There’s nothing more frustrating than starting to bake or cook something delicious only to find that a key ingredient is missing. Ugh! But there’s no need to scrub a recipe and sulk in frustration. If you know what you’re doing, you can just substitute it with something else! Here are a couple of ingredients that are bound to be in everyone’s pantry or fridge and are a dish-saving substitutes.
Read on to see the complete list, or download your own printable PDF copy using the button below. (I recommend hanging it up somewhere in your kitchen for easy reference!)
Substitute with butter, margarine, coconut oil or apple sauce
Apple Cider Vinegar
Substitute with white vinegar
Substitute with apple cider vinegar, red wine vinegar or sherry vinegar
Substitute by mixing one part Tomato Paste and one part Water.
Or substitute with canned tomatoes and adding onions, garlic and some herbs.
Baking Powder (1tsp)
Substitute with 1/4 tsp baking soda + 1/2 tsp. cream of tartar
Substitute with cracker crumbs, crushed cornflakes, ground oatmeal, or even cooked quinoa.
Brown Sugar (1 Cup)
Substitute with 1 cup white sugar and 2 Tbsp molasses.
Substitute with margarine, oil or shortening
Buttermilk (1 cup)
Substitute with 1 Tbsp lemon juice or white vinegar and enough milk to make 1 cup
Or substitute with 1 cup plain yogurt
Substitute with honey, maple syrup, or brown rice syrup
Substitute with cottage cheese or cream cheese.
Fresh herbs (1 Tbsp)
Substitute with 1 tsp dried herbs
Honey (1 Cup)
Substitute with maple syrup, corn syrup or 1 1/4 cup white sugar and 1/4 cup liquid (whatever is called for in the recipe)
Substitute with white vinegar or apple cider vinegar
Substitute with sour cream or plain yogurt
Substitute with beef broth, chicken broth, vegetable broth, apple cider (not vinegar), water, tomato sauce, white grape juice or non-alcoholic wine.
Yeast (1 tsp)
Substitute with 1/2 tsp Baking Soda and 1/2 tsp Lemon Juice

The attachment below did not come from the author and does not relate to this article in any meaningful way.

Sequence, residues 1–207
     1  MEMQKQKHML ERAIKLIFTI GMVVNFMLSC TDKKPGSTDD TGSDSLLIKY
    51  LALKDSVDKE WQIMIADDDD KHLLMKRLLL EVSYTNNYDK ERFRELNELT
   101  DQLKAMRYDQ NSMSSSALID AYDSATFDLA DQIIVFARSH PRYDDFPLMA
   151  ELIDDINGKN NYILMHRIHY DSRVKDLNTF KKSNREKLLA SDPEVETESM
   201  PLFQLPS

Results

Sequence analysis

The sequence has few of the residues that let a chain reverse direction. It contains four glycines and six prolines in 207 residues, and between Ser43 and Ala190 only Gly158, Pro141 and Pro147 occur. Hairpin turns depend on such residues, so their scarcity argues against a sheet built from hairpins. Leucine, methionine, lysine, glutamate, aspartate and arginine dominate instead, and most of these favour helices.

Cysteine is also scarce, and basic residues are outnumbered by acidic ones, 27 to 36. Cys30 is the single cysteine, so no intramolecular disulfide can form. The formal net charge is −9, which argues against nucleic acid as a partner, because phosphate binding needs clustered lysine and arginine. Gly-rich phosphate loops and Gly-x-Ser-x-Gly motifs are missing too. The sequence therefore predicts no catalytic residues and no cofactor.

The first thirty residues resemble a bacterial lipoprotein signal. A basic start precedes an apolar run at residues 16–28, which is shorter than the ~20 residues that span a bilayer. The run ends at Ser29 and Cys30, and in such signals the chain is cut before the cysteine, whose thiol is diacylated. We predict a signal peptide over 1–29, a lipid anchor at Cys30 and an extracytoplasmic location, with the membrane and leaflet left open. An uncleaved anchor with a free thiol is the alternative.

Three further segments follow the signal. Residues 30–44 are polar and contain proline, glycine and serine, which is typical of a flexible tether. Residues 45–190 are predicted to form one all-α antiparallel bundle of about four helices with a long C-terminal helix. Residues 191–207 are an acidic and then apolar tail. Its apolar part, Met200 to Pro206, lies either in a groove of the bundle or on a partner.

Substitute with Quinoa. (Quinoa also provides twice as much protein and fiber which promote a healthier digestive system.)
Substitute with 1 Tbsp ground Flax Seeds or Chia Seeds and 3 Tbsp Water. Mix until gelatinous.
Or substitute with silken tofu.
Or substitute with apple sauce or mashed banana
Pastry Flour (1 cup)
Substitute with 2 tablespoons of cornstarch combined with enough all-purpose flour to make a cup.
Often times, substituting salt for herbs and other seasonings like onions, lemon or lime can make a dish taste really flavourful.
Substitute with 1 and 3/4 cup of powdered sugar.
I hope you find this substitutions list useful! I’ll leave you with the button to download a free printable PDF copy of the list, in case you missed it earlier in the post! 🙂
I don’t know about you, but all this cooking at home has me constantly looking for shortcuts. While I don’t hate cooking, I don’t like spending hours upon hours in my kitchen. I want easy, fast, flavorful and cheap!
That brings me to rotisserie chickens. Time and time again, grocery store rotisserie chickens have saved my sanity when it comes to dinner time. They are easy, already seasoned, already cooked, and can be used in a lot of different recipes. There are so many ways to use a rotisserie chicken!
On that note, I have rounded up a list of easy and cheap rotisserie dinners! I hope you enjoy!
First of all, if you wish, you can make your own rotisserie style chicken in the slow cooker with this recipe I found.
What are your favourite ways to use rotisserie chicken?
It seems each of us has prepared for the world’s pandemic in different ways. There are many items that average consumers are having difficulty buying, such as toilet paper and hand sanitizer. With the thought that the pandemic may cause a complete quarantine or lockdown of our world, it’s important to know what you should have stockpiled at home. In fact, taking action can actually soothe your fears.
Schools have already shut down and many areas are on restrictions for social gatherings or even dining out. This is simply how our life is right now. It’s been said that if any area is about to go on complete lockdown you’ll have 1-2 day notice so that you can be fully ready. That’s why I wanted to share some tips, as it sounds like you’ll have 1-2 days to get that stockpile prepared.